|1. Stones Hold a Grudge||1:15||1.44 MB|
|2. Welcome to Legend||3:09||3.60 MB|
|3. Passing Into the Night||2:57||2.25 MB|
|4. An Empty Tome||3:00||3.45 MB|
|5. Chamber of Ruin||2:45||3.16 MB|
|6. Malak's Labyrinth||3:20||3.86 MB|
|7. Ebony Wings||2:24||2.76 MB|
|8. Tower of Dolls||2:25||2.78 MB|
|9. Gate of the Underworld||2:16||2.61 MB|
|10. The Colossus||3:01||3.45 MB|
|11. Former Room 2||2:18||2.36 MB|
|12. Shadow's Stronghold||1:18||1.50 MB|
|13. Order of the Demon||3:16||3.74 MB|
|14. Rituals||1:43||1.96 MB|
|15. Requiem of Star Crossed Nights||4:39||5.32 MB|
|16. Reunion||0:39||764 KB|
|17. Consummation||0:11||217 KB|
|18. Armoy Arabesque||2:24||2.74 MB|
|19. Enterprising Mercantilism||1:51||2.12 MB|
|20. Lone Challenger||2:31||2.88 MB|
|21. Riddle||3:02||3.47 MB|
|22. Dusk's Holy Mark Arranged||2:51||3.28 MB|
|23. Distortion of Chilling Blackness||2:35||2.97 MB|
|24. Azure Wanderings||1:36||1.84 MB|
|25. Rhapsody of Indigo Sorrow||3:22||3.86 MB|
|26. Lapis Lazuli Colored Virginal||1:54||2.18 MB|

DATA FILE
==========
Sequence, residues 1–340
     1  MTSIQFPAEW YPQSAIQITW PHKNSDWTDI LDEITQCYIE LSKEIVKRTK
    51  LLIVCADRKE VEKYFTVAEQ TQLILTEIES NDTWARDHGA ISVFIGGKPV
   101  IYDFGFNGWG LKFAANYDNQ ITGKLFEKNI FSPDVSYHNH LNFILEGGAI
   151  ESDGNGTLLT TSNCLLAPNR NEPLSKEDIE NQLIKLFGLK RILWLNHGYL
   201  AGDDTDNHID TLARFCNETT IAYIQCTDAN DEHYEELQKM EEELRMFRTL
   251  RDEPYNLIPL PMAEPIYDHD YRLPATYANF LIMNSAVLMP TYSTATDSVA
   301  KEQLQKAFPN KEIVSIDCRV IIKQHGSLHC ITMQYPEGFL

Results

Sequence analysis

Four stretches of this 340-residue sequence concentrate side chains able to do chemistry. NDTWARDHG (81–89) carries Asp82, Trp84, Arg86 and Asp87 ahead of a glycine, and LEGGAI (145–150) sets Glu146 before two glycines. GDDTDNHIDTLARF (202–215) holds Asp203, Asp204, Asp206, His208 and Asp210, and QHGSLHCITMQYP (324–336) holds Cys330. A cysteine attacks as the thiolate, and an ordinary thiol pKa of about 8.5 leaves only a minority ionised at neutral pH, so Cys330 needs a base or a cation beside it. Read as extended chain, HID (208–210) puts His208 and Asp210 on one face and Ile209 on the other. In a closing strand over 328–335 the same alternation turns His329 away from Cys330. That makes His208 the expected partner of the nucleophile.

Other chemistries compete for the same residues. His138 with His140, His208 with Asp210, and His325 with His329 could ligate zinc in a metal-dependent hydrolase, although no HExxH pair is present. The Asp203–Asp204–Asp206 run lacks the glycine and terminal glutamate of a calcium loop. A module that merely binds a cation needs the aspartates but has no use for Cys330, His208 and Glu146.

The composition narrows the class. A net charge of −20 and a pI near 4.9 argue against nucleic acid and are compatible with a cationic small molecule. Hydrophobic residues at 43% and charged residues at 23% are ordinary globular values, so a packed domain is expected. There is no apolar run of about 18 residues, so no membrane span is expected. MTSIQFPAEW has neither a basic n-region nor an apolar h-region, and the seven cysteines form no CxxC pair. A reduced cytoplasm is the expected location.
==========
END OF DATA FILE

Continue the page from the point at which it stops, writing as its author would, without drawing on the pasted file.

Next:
|27. Symphonic Poem of the Satin Dem||1:34||1.79 MB|
Otherwise, it's a hell of a lineup: the largest score for a handheld Castlevania, one of the largest for the series, one of the best Castlevania soundtracks, and one of the best in video games. Aforementioned energetic propensities notwithstanding, there's a bag of sensitive goodies to choose from, here. "Serenade of the Hearth", Ecclesia's village theme, is about as lovely a respite-oriented tune you are going to hear on the handheld. What really makes it all the stronger is that it doesn't comfort you one-hundred percent, but mixes its warmth with an ominous grief, letting you know that even the towns of Castlevania's universe aren't separate from the looming threat. "Wandering the Crystal Blue" makes me think of a track Masashi Hamauzu could've written for the Saga Frontier 2 soundtrack, and a perfect fit for the azure area it was produced in mind with. Accompanying jingle-bells heighten its already chilled character. I said "Malak's Labyrinth" (I don't know who Malak is!) is a close-relative to a prior track; however, it takes enough new turns to differentiate itself, and the instrumentation is a far cry from the dank majesty of "Dark Palace of Waterfalls", and closer to the timid mystery of the Underground Labyrinth.